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Cashton has a rich history and deep connection with its roots.

Stories, photos and memorabilia of Cashton help demonstrate the history of the community and the impact in the region. 

History Room

Take a walk visually throughout Cashton’s illustrious history while bringing back memories of days ago and businesses past from Cashton’s downtown. History room is located on the 2nd floor of the Bank of Cashton. Tours of the space are available daily by appointment during business hours of the Bank of Cashton. Give us a call at 608-654-5121 to schedule a visit to relive some of Cashton’s past.

History of Cashton Bottling Works

Check out the history of Cashton Bottling Works by Michael L. Hansen below.

Early records show that Charles Skaten ran a beer and soda bottling plant in Cashton ca 1900.

  • Charles Skaten –
  • Emil Volkman – 1902
  • Emil Olson – 1903
  • Peter H. Justinger – 1906
  • Walter Lord – 1910
  • David McKee – 1916
  • Sam McKee, manager – 1916
  • Oscar Olson – 1921
  • Reuben Aarstad & Clinton Hall – 1928
  • Joe Bethauser & Leonard Rudolph – 1930

Emil Olson moves Cashton Bottling Works from Skaten building to the Dolan building in 1904. The Skaten building was on the Main Street property currently L & A Designs. The Dolan building was on the corner of Main street and Broadway Street currently a parking lot.

Peter Justinger ran the Bottling Works on Front Street currently Thrive Wellness and Styles on Front Hair Salon location. The Justinger building was built in 1901, where the Justingers ran a mercantile store.

Walter Lord moved the Bottling Works to the Sletto building in 1910.

Oscar Olson moved the Bottling Works from the McKee Building to the Cashton Monument building in 1922. The Monument building was located on Front Street where in present day is the High School parking lot.

The History of 1223 Front Street

Check out the history of the Cremer homes by Michael L. Hansen below.

Cornelius Cremer born about 1785 in Germany was issued a land grant in 1859 for 80 acres in Pine Hollow which is 1 to miles east of 1223 Front Street in Cashton.

He had 10 children with his first wife Anna Catherine. One of the children was Mathias born in 1826. Mathias and Eva Kremer had 4 children, the youngest John, born November 12, 1859 was the original owner of 1223 Front Street. John also had a brother named Cornelius H. was born May 16, 1858.

Cornelius Cremer born about 1785, (the same as above) was remarried to Ursula on April 28, 1834 after the death on February 9, 1834 of his first wife. Together Cornelius and Ursula had 3 children. One of them, Heinrich Hubert Cremer was born July 25, 1837.

Heinrich and his wife Maria Catherina had 13 children, one of them being Cornelius Hubert born April 14, 1864. Cornelius became a doctor and practiced in Cashton during his entire career. Cornelius and his wife were the original owners of the home at 418 Broadway Street in Cashton.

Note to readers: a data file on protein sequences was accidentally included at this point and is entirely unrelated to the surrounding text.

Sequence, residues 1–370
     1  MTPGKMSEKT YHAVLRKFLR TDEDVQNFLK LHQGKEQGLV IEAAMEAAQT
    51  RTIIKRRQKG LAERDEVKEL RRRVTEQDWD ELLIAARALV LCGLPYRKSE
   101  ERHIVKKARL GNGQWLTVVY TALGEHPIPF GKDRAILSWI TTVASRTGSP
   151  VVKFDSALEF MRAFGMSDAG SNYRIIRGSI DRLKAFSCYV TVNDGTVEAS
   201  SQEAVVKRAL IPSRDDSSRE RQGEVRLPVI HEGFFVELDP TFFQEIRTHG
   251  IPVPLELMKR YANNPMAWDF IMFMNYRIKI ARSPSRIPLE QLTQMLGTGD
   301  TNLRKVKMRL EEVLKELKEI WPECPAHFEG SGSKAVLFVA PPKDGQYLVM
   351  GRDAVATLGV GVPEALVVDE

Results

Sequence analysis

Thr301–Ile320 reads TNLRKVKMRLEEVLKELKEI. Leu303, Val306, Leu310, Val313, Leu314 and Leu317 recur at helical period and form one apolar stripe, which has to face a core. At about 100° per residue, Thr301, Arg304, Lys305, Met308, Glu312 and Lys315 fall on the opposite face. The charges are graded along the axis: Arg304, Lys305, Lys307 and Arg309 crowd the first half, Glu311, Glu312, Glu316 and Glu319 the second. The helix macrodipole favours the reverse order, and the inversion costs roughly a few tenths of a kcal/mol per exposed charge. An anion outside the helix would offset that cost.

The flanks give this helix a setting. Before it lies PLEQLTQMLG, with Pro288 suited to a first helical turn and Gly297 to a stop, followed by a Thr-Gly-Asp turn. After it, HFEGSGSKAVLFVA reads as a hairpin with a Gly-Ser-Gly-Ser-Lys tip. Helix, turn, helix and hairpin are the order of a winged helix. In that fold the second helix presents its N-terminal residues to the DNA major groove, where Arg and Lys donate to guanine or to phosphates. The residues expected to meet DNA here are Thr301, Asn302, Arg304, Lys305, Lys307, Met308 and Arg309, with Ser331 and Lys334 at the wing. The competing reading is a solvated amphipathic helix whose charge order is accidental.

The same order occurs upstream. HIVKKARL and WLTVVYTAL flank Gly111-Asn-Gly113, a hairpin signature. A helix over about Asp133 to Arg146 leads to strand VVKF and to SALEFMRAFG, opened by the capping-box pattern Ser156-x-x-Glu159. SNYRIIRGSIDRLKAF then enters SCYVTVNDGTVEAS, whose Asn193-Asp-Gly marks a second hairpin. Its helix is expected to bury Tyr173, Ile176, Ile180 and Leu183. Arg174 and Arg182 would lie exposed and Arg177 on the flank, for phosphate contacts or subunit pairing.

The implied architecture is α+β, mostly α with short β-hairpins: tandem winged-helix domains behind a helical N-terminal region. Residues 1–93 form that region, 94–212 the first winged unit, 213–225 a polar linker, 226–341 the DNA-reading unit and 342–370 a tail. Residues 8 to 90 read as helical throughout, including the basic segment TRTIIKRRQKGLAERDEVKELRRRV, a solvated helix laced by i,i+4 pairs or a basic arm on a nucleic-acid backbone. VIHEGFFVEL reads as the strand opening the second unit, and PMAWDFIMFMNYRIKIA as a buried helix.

The John Cremer home, a Queen Anne style frame house is almost identical to the one built for John’s half-cousin, Dr. Cornelius H. Cremer and his wife Clara, at 418 Broadway Street. Racine architects Chandler & Parks designed the homes in 1902. A Sparta area builder, Lewis V. Huschka, for a cost of $4,000 each, began construction that spring. The two and a half story structures, 36 x 40 feet, also featured a three story tower with an octagonal roof topped by a pinnacle and cut-away bays. The original interiors featured oak woodwork, oak and maple floors, a “Turkish nook” and a winding stairway from the front hall to the upper floor. Initially there were nine rooms on the lower floor and six rooms on the second.

The John Cremer’s moved into their new home in December of 1902. In 1918, the property was sold to the Sacred Heart Parish for $6,000, an amount considerably less than than the value of the property and Rev. William Jeuck took up residence in January of 1919.

In June 1923, the exterior of the rectory received a new paint job. The colors of chocolate and ivory along with the splendid trees and lawn and its profusion of flowers made the residence an attractive asset to the community. The three-car garage was built in 1966.

The Cremer families were very instrumental in the early settlement of Cashton, having served as businessmen, politicians, inventors, and members of many civic organizations.

The John Cremer’s owned and operated Cremer’s Department Store in Cashton from 1885 until 1915. From 1900 until 1915 they operated the store at the location of the current Badger Crossing Pub and Eatery. Chandler and Parks also designed the Cremer store, built in 1900. The building also featured a second-story Opera Hall. Unfortunately that building was completely destroyed by a fire on November 23, 1929.

John as a young man was a timber buyer, providing white oak ties for William H.H. Cash’ s new railroad from Sparta to Viroqua. He also owned a saloon, a store in Rockton, and The Cashton Milling Co. In the early 1900’s he encouraged his sons to become landowners. Several of them would later own several thousand acres in the Dakota’s and Montana. John would also go on to purchase land in the Texas Panhandle. He believed that “Land was a measure of a man’s worth.” John and his wife Mary were both appointed as Postmasters for the Postal Service. John’s father Matt served as the Postmaster in Pine Hollow where the family operated a saloon and boarding house.

Dr. C.H. Cremer, Physician and Surgeon, practiced medicine above the A.A. Dumez Drug Store. He was known as a “horse and buggy doctor” and made house calls. He was also the owner of the Cashton Telephone Company, which operated out of the same building. Today the Cashton Veterans of Foreign Wars own the building.